Constructing Carolina: People of Color in The Skilled Trades Throughout NC History
By: Kaylee Martin
From creations of the past to developments in the current day, people of color in the skilled trades have made a massive impact on our progress as a nation. Battling upwards throughout American history, black tradespeople, contractors, and business owners have faced incredible odds to achieve amazing feats in the construction industry. As we continue to celebrate Black History Month, we want to highlight a few key innovators and craftsmen of color that have pushed diversity and equity in the skilled trades forward through their hard work and dedication to their craft.
Laying the Foundation
During the Antebellum period of American history (approximately 1815-1861), much of the Southern economy relied on slave labor. While the majority of enslaved people worked in agriculture in rural areas, more urban sectors saw a much larger population of slaves working in the skilled trades as carpenters, masons, and builders.
One such tradesman was the multi-skilled Joe Welcome. A stonemason, bricklayer, and plasterer, Welcome was born a slave to a wealthy merchant. However, as he learned and grew his skills, he was able to operate with a fair amount of independence. Welcome was a major contributor to several notable buildings around Edenton, NC – a town just off of the Albemarle Sound.
In the Raleigh area, artisan Stewart Ellison was also born a slave. However, after gaining his freedom, Ellison went on to become a contractor of his own while participating in several organizations as a political leader. Throughout his active years as a contractor, he was responsible for constructing multiple infrastructural buildings around the city. While reportedly none of his contributions survived into the modern age, his legacy as one of the most prolific black contractors in North Carolina will live on.
Following the Civil War and into the early 20th century, black tradesmen were able to dig deeper into building and bettering their own communities. One example of this is carpenter and builder William W. Smith, who is also noted as Charlotte’s first black architect. Throughout his career, Smith constructed many buildings within Charlotte’s black business and cultural hubs, aiding in the growth of black-owned businesses in this area as a whole.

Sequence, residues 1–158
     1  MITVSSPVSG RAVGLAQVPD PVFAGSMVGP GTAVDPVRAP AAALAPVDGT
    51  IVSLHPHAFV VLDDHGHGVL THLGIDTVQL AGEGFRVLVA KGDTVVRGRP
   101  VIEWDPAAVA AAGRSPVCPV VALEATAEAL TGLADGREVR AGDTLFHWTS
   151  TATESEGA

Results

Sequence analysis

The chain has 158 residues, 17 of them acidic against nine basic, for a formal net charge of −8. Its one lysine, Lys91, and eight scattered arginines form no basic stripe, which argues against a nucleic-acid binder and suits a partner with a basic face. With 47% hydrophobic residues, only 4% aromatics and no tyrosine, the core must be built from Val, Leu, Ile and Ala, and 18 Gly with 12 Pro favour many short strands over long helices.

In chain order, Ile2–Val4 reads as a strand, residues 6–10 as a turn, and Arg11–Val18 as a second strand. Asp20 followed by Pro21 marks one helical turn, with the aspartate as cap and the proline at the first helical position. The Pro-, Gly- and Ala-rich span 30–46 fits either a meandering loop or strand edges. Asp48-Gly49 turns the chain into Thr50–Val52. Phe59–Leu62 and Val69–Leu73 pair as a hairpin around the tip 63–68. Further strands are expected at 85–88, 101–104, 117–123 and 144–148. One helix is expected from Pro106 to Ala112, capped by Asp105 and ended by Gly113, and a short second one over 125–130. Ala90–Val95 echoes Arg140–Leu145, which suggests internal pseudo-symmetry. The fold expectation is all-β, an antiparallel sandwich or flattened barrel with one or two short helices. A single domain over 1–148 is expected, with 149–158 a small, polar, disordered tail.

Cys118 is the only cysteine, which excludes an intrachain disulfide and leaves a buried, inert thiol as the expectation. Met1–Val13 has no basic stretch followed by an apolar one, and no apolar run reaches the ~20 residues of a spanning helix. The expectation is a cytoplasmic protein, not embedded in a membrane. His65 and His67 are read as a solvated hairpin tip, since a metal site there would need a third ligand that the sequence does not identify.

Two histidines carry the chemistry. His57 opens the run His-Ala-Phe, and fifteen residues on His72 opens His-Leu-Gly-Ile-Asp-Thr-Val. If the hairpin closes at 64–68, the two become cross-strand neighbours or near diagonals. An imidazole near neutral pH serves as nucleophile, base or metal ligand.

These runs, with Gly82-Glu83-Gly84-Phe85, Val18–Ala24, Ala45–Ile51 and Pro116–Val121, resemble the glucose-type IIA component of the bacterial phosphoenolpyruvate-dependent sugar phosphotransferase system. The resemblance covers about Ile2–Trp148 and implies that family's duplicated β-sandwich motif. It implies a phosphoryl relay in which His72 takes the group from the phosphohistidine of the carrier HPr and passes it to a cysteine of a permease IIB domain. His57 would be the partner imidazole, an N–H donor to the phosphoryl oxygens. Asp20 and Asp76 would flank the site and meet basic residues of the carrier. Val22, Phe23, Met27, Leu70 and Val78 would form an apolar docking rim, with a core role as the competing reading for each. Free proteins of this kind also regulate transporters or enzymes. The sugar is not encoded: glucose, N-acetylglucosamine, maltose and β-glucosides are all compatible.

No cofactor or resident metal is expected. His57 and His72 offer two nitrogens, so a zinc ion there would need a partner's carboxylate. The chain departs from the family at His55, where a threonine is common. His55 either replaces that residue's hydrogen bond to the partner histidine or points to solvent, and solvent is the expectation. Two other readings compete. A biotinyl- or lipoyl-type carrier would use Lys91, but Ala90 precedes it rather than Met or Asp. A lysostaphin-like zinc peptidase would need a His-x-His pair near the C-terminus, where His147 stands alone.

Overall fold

Building a Legacy
As of 2022, we can see that, despite the progress that has been made throughout time, African Americans in construction still make up just a marginal amount of all workers in the industry. Consisting of only 5.3% of Construction Managers, 5.4% of Machine Operators, and 8.4% of Laborers, it is clear that we still have a long way to go before people of color are properly represented.
In the face of these statistics, however, black-owned construction firms are standing tall in the Charlotte area and beyond. One of these is McFarland Construction, a Charlotte-based, full-service construction management, general contracting, and design/build company owned by Tino McFarland. McFarland Construction operates all over the Southeast, handling projects from inception to completion while earning praise for their innovation, professionalism, and quality.
Looking to South Carolina, we also find black-owned and woman-owned Cassy Electric. First operating out of the trunk of founder Cassandra Brayboy’s car, this family-owned business has garnered a fabulous reputation for their electrical expertise and friendly customer service. Working under the slogan “You Hire We Wire,” Cassy Electric embodies the industrious mindset that created success for many minority tradespeople before them.
As people of color in the trades have fought and worked for equal treatment and opportunity in their careers, stories from black artisans of all kinds have showcased their indomitable spirit. Although the fight for equality and representation in construction is not over, celebrations such as Construction Inclusion Week, organizations like us at She Built This City, and stories like those above are creating room for more discussion on diversity in the industry everyday. With every conversation, creation, and piece of history crafted by black tradespeople, more light shines on their diligence and ability, and continuously reminds us that it is through history we grow – and United We Spark!
About the Author: Currently a Project Administrator at Hoopaugh Grading Company in Charlotte, NC, Kaylee has enjoyed learning about and sharing experiences from the skilled trades since her childhood. Accompanying her father to construction job sites as a young girl, she saw first-hand how those working in the trades shared values of hard work and camaraderie – knowing then that this was the field she wanted to be in. Since then, Kaylee has found a way to marry her love of the skilled trades with her love of writing by working together with She Built This City to help spread our message and share our stories!